My dd is also 6 and in "first grade" right now. She is easily reading the 2nd grade level Pathway Readers.
If your dd is reading at a 3rd grade level, I don't think it's necessary to have formal reading lessons anymore. I would have her read out loud to you regularly, however, and you can address any "gaps" in her knowledge on an as-needed basis. This is what I do with my dd.
For spelling, it depends on what you want to accomplish and what you think your dd needs. I am using All About Spelling with my dd now. It isn't very CM, but I happen to prefer a little more direct instruction in this area (one small area where I depart from a pure CM approach.) My dd was wanting to write more (letters to grandma, lists, etc) and constantly asking how to spell this or that so I felt like it was a good time to start giving her the "tools" needed to do this for herself. We had also not used a strict phonics approach to reading and so I wanted to reinforce this. I have seen an increase in confidence in both spelling and reading since we started this program, so it's working well for us. We also do copywork, so she is getting 'pictures in her mind of good spelling' ala CM as well. My plan is to continue with AAS until 4th grade and then switch over to a CM-style Dictation approach. (Obviously we'll re-evaluate that as we go along depending on what her continuing needs are.) I don't think it is recommended to try dictation before age 9 even with a strong reader, just because it is so many skills that need to come together (spelling, writing, remembering, etc.). If you don't think she needs a direct approach to spelling right now, then you can just stick with copywork until then.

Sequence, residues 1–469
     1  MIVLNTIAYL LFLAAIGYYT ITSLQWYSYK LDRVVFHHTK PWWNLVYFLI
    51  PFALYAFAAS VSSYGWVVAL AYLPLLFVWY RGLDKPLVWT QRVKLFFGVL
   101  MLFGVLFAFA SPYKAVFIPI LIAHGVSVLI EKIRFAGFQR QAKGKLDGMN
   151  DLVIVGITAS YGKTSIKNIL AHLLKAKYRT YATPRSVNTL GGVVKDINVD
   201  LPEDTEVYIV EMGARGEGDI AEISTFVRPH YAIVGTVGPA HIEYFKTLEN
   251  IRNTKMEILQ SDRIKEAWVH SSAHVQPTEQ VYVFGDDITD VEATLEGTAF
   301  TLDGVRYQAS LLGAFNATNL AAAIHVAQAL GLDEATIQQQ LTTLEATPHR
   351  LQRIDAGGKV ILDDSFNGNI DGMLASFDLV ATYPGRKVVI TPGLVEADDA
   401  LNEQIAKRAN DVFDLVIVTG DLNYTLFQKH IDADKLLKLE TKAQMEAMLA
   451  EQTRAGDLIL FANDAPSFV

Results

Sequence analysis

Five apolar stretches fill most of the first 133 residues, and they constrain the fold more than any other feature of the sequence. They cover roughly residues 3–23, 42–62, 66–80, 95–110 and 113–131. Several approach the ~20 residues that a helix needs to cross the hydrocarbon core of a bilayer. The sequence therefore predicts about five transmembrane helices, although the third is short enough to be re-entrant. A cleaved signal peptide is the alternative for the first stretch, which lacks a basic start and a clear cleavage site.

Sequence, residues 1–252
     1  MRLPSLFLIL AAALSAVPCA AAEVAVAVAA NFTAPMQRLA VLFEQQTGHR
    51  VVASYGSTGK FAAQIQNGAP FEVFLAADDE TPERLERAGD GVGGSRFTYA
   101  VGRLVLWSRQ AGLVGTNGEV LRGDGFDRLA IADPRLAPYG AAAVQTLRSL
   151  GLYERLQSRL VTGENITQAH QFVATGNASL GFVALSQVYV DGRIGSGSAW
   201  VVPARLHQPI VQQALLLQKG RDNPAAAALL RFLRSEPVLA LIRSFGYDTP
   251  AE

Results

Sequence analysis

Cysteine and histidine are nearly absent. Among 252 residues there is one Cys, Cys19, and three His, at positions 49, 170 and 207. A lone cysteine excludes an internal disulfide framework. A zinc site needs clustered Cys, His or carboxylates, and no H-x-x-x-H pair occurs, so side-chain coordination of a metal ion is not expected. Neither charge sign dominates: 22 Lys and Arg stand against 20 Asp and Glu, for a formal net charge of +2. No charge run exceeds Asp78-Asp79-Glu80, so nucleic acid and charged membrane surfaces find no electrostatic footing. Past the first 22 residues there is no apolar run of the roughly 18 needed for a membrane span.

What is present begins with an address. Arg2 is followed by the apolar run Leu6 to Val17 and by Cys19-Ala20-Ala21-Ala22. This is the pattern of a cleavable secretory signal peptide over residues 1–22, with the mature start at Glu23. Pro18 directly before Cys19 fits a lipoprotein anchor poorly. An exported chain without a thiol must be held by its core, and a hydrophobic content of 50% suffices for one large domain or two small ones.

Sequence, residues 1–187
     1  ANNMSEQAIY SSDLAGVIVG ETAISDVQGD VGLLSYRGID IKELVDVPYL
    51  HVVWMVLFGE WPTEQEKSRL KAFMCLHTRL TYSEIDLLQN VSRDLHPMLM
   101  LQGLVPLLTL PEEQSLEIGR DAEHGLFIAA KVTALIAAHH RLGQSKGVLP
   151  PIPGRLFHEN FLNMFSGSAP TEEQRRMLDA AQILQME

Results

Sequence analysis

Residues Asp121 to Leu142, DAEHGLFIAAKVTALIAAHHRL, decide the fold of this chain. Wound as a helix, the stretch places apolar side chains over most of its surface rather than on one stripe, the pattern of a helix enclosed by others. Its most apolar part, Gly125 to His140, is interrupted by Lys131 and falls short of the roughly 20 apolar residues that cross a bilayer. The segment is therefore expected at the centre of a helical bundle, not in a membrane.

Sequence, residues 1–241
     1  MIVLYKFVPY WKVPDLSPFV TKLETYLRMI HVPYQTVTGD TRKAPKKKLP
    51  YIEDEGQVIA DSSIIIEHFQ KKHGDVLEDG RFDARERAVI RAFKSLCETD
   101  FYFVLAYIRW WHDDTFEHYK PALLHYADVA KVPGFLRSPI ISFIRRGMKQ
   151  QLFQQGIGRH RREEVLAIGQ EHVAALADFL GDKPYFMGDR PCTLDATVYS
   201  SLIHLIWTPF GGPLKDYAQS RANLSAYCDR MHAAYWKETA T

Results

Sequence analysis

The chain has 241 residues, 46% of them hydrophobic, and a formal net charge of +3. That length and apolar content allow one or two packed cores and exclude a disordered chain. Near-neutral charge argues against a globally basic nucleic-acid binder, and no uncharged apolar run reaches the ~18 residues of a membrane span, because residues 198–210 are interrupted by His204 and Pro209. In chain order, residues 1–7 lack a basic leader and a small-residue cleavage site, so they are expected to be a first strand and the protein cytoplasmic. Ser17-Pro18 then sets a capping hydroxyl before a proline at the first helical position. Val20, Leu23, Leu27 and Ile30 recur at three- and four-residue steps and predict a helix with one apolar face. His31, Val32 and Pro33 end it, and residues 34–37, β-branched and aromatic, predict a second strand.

As far as time goes....we spend about 1-1/2 on "formal" learning on any given day. This includes poetry, calendar, Aesop, history, math, cursive, spelling, copywork (daily) and one of these: art, character development, nature study, and geography. This does NOT include chores Bible, literature, reading practice, or French as these items are spread out throughout the day and continue even when we are taking a "break" from school. They are such a part of our daily routine we don't really think of them as "school" even though really they are.